Saturday, April 25, 2015

12 Works by John C. Kacere - (23 June 1920 – 5 August 1999)

John C. Kacere (23 June 1920 – 5 August 1999) was an American artist. Originally an Abstract-Expressionist, Kacere adopted a photorealist style in 1963.  Nearly all of his photorealist paintings depict the midsection of the female body. He is considered one of the original photorealists, although he rejected the term.

Kacere painted his first photorealist painting in 1969 involving the midsection of a woman dressed in lingerie. It was over three times life size.[3] Kacere continued this type of painting throughout the rest of his career, making it an icon of the photorealism movement. 
Artist: John Kacere, American (1920 - 1999)
Title: Maija II
Year: 1977
Medium: Lithograph, signed and numbered in pencil
Edition: 200, 50 APs
Size: 22 in. x 28 in. (55.88 cm x 71.12 cm)
In the early 1980s, he branched away from this theme and included the entire body of a woman in lingerie, but returned to his original midsection of the female body in 1988.[3] Kacere's paintings are figurative but still can be considered still lifes or even landscapes. More

His style has influenced several pop artists from Michael English to Philip Castle, and later Hajime Sorayama. But it’s worth to mention the predecessors who inspired his technique: in terms of lighting and texture you can see John Kacere adopted a mix between Tamara de Lempicka and Edward Hopper, and a debt of gratitude for the beautifully rendered drapery goes to Renaissance’s masters such as Titian and Fra Angelico.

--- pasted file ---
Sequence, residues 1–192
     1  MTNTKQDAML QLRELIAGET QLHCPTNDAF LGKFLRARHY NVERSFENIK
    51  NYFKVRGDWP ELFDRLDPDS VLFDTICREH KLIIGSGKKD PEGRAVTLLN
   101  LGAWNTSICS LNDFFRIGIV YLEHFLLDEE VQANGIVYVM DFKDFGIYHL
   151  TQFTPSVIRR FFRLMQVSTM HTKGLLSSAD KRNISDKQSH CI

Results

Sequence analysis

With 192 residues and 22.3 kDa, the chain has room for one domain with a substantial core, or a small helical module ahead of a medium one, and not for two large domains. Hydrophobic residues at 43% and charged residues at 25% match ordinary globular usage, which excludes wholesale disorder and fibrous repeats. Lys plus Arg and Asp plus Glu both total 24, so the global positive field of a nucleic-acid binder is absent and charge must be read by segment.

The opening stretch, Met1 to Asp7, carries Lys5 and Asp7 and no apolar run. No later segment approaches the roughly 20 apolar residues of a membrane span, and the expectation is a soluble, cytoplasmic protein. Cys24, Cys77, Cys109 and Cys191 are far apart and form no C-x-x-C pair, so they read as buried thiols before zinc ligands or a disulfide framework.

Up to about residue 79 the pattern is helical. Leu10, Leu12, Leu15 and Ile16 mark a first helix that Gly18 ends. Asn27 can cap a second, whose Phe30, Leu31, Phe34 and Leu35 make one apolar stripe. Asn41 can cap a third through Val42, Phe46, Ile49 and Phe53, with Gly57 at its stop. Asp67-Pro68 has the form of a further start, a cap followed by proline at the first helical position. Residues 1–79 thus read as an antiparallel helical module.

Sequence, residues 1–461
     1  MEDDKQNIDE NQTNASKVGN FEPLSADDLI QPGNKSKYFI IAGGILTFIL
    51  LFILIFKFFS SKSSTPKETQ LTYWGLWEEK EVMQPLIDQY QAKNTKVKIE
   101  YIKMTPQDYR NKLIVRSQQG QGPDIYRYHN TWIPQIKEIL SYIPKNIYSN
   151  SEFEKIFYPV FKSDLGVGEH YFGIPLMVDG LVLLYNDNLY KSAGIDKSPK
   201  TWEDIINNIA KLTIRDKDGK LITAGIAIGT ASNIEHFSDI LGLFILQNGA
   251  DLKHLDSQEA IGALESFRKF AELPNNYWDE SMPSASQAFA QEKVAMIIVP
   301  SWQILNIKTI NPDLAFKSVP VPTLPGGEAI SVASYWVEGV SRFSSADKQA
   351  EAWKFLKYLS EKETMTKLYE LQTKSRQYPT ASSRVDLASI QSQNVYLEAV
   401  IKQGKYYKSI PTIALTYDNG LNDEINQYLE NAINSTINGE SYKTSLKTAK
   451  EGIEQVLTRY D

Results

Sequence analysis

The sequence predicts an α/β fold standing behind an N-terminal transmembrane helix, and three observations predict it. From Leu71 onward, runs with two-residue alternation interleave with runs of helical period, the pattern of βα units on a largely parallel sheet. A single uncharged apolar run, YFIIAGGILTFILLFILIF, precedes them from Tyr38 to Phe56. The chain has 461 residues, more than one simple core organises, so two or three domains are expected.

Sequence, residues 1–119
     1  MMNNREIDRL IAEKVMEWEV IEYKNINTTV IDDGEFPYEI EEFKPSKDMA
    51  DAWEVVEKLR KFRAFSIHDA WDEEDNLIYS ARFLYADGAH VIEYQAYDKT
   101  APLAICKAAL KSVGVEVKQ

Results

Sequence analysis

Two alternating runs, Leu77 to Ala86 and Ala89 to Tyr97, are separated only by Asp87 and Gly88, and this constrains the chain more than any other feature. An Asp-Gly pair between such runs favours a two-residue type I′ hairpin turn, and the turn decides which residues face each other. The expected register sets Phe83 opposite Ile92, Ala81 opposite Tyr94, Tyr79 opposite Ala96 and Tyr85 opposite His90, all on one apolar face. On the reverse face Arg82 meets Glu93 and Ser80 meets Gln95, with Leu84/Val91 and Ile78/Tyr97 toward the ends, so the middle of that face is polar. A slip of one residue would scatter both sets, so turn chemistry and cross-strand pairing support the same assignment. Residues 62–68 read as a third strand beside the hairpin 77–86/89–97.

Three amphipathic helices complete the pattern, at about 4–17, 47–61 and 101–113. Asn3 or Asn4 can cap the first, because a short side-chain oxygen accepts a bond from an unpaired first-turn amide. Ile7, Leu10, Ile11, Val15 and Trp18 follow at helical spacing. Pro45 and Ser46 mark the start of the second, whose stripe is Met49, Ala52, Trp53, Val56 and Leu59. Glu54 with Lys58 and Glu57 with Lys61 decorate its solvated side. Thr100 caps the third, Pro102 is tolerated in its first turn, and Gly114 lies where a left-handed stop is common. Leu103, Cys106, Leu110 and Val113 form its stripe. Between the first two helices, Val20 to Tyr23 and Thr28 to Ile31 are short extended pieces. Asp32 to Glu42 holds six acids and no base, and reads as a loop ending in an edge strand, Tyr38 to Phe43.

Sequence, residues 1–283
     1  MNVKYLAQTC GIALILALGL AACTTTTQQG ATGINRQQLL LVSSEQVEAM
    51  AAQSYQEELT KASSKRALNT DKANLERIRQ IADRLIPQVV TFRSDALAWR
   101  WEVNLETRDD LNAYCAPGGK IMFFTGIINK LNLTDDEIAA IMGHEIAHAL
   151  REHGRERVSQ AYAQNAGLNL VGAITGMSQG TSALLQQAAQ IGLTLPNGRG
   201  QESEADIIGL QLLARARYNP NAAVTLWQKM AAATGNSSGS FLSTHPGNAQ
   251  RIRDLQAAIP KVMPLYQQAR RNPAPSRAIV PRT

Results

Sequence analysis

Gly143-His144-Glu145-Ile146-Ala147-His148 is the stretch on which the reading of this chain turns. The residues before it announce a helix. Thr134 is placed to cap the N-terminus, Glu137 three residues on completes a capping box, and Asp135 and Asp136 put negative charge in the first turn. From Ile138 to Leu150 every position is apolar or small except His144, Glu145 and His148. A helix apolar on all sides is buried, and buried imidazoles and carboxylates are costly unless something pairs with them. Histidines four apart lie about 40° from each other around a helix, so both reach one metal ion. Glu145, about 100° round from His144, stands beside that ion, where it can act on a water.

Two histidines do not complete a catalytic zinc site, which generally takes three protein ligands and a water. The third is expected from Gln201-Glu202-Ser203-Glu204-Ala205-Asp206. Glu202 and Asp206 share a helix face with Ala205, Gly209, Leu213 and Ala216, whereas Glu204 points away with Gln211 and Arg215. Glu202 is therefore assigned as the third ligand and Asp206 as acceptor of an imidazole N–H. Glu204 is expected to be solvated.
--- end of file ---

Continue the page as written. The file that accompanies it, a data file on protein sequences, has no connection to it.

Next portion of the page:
His childish obsession is for an idealized object of desire that is not a woman but a synecdoche, a plump but empty kind of beauty, enhanced by the sexy paraphrenalia of her attire.

The faceless portion of these pin ups reminds us of a table set before a banquet. No matter how much pop art can gain from kitsch (Jeff koons knows it too well) John Kacere’s paintings are splendid and he fully deserves an Extraordinart place. More

Kacere, who died in 1999, earned a second shot at artistic immortality in 2003 when director Sofia Coppola based the iconic opening sequence of Lost In Translation (showing Scarlett Johansson‘s backside in sheer peach panties) on Kacere’s style. (The cotton crêpe briefs used in the shot were created by a youngAraks Yeramyan, and have become an enduring bestseller for the New York lingerie and womenswear brand Araks.) More

Kacere has focused his work in the female body, and despite criticism from feminists, some of whom have labeled his work sexist, Kacere sees the woman as the source of life and praises the aspect of womanhood in each of his works. More

1989,  oil on canvas,  40 x 60 

Artist: John Kacere
Title: Purple Panties
Year: Circa 1969
Medium: Oil on Canvas, signed verso
Size: 60 x 66 inches [152.4 x 167.64 cm]

John Kacere: Nathalie
signed and numbered 48/200
Size:43.00 cm x 65.00 cm to 50.00 cm x 70.00 cm

John Kacere, American (1920 - 1999)
Title: Poodle Panties
Year: 1979
Medium: Lithograph, signed and numbered in pencil
Edition: 300
John Kacere, "Le musée du Louvre"

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